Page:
It turns out, at least out here in California, if you want to do anything truly interesting on the bike, you need to be able to deal with a lot of climbing. And climbing is actually kind of hard for me, because climbing is very much a power-to-weight sort of thing and, despite getting lighter recently, I've got a good amount of excess weight. So, while I can sprint up a short hill at 20mph, long hills present a problem.
Last weekend is a long weekend and the Tour of California is going on. Other cyclists are watching it. I am not. The weather's been quite interesting. Finally, after a winter drought, we've got some rain. So I can't really complain about the rain, because we need it. But I figured Saturday would be my best chance to go on a nice long ride and I decided to work on my mountain climbing.
Were I to have completed the planned course, I would have set all sorts of personal records, but they were turning people around at the top and I felt I had already accomplished enough and didn't feel like taking an extra-long-way home to add a few more miles to the trip. Also, huge chunks of one of my usual recreational trails were closed off, far more than I was expecting. So I mostly ended up setting a personal climb record -- I climbed 2782 feet and ended up at an altitude approaching 2000 feet up. I posted an approximate version of my route.
So I started the ride at home, headed towards the bay so that I could take a jaunt by the San Jose airport and see the jets landing, and then headed into Japantown so that I could stop by the new Roy's Station for munchies and tea before I started the hill climb.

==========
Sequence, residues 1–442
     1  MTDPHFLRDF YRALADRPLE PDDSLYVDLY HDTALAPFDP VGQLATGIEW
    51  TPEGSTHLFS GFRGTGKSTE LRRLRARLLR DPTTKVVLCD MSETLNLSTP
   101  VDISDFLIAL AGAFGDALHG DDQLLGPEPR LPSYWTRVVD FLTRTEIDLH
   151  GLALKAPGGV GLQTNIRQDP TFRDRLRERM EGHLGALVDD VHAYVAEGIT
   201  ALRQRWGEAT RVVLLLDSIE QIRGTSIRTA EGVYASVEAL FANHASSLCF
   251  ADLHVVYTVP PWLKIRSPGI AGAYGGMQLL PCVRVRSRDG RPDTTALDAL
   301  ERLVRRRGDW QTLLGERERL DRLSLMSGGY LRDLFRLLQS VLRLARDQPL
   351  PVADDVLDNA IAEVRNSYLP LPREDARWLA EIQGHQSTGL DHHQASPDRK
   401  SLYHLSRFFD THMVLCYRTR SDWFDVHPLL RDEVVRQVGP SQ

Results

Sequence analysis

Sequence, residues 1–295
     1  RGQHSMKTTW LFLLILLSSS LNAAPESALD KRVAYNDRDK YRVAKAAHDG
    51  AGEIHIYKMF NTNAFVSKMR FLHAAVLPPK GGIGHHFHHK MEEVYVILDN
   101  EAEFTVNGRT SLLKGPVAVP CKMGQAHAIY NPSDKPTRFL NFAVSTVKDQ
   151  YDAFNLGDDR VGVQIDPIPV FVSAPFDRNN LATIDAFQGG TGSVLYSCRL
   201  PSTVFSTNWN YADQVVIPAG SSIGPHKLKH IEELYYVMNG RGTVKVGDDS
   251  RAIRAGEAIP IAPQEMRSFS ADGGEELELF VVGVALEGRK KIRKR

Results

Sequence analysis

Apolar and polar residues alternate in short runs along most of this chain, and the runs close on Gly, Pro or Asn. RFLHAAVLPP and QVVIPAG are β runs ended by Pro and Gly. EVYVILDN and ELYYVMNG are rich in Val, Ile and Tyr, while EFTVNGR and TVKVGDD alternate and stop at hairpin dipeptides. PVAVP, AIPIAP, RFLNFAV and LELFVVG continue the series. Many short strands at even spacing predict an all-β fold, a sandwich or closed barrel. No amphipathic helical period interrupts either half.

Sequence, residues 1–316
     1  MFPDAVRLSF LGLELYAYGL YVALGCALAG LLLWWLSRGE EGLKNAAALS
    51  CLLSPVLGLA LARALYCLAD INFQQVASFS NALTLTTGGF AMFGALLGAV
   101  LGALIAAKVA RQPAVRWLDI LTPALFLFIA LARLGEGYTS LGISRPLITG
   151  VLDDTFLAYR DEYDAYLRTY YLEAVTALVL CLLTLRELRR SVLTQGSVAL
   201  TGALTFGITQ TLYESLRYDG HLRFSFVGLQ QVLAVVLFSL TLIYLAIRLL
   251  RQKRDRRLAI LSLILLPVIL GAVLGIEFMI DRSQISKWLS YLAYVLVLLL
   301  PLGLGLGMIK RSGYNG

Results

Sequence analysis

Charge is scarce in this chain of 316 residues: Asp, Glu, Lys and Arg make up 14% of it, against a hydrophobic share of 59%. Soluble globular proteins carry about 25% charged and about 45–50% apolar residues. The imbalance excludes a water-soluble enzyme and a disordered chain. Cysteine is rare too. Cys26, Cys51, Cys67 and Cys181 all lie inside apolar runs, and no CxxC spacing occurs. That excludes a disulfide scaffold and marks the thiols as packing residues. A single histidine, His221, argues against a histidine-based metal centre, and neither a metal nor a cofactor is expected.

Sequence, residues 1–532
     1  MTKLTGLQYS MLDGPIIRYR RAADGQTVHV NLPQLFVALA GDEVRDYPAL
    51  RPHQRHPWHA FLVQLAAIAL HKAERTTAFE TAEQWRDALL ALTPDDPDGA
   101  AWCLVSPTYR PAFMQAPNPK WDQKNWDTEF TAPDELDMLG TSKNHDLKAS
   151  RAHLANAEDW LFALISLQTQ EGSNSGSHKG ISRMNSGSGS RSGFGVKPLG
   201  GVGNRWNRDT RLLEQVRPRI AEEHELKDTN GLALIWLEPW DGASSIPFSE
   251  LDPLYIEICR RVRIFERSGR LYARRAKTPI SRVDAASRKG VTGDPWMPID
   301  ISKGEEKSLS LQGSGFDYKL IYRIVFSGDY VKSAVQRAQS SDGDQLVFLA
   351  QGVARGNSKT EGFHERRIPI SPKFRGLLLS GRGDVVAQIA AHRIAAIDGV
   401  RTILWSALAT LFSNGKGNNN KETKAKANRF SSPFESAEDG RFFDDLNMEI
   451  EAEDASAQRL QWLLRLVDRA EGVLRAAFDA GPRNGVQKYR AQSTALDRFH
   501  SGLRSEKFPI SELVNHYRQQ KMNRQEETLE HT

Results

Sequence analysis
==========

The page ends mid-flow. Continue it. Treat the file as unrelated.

I was following part of the route that the San Jose Classic Time Trial was taking, so I saw a lot of people coming off the mountain as I got closer. I reminded myself that I was nuts as I got started. Most of the hill climb, I was stuck in the granny gear... the smallest chainring and the biggest sprocket... and I got dropped by pretty much everybody, including an old guy in a full-suspension mountain bike. On the other hand, I did it, and I've come to realize that the best way to get better at something is to do it over and over and over again until it becomes easy. The Wirehead of 2 years ago would have bailed out after a few hundred feet of climbing.
I was pretty much biking all-out. A few points along the climb, I stopped to take pictures or get something from the back of the bike, and I was shaking. I kept telling myself that it was like eating an elephant. It looks like a lot, but if you eat the elephant once piece at a time....
Some of the cyclists who passed me on the way up cheered me on when they were heading downhill for sticking with it. I got the biggest boost when I realized I'd just reached Joseph D. Grant park and had officially climbed awful high up. The whole Mt. Hamilton climb, at least for me, is incredibly motivating because it's just the right level of steepness to not frustrate me and the scenery on the way up is grand.
Now, one important thing about my rides is that I think it's incredibly dumb to strap a bike on the back of your car and drive somewhere before you can bike. So after I went up the hill, I had to go home. Except that my biking muscles were fairly sore by that point. See, I can get started at a stoplight in pretty much any gear using my climbing muscles to force the bike forwards. But once those are hurting like hell, I have to be extra careful about downshifting far enough that I don't have to push as hard. The route home followed the VTA light rail, just in case I became unsafe, but I was able to go all the way home.
I brought a bag of oatmeal cookies and some jellied mutant sports food. I tried the e-Gels by Crank Sports. They've got electrolytes in ways that most of the other gels don't have, but they taste really funky. I pretty much ate everything, and I was starving when I went home to take Mrs. Wirehead to dinner and a movie for Valentine's Day.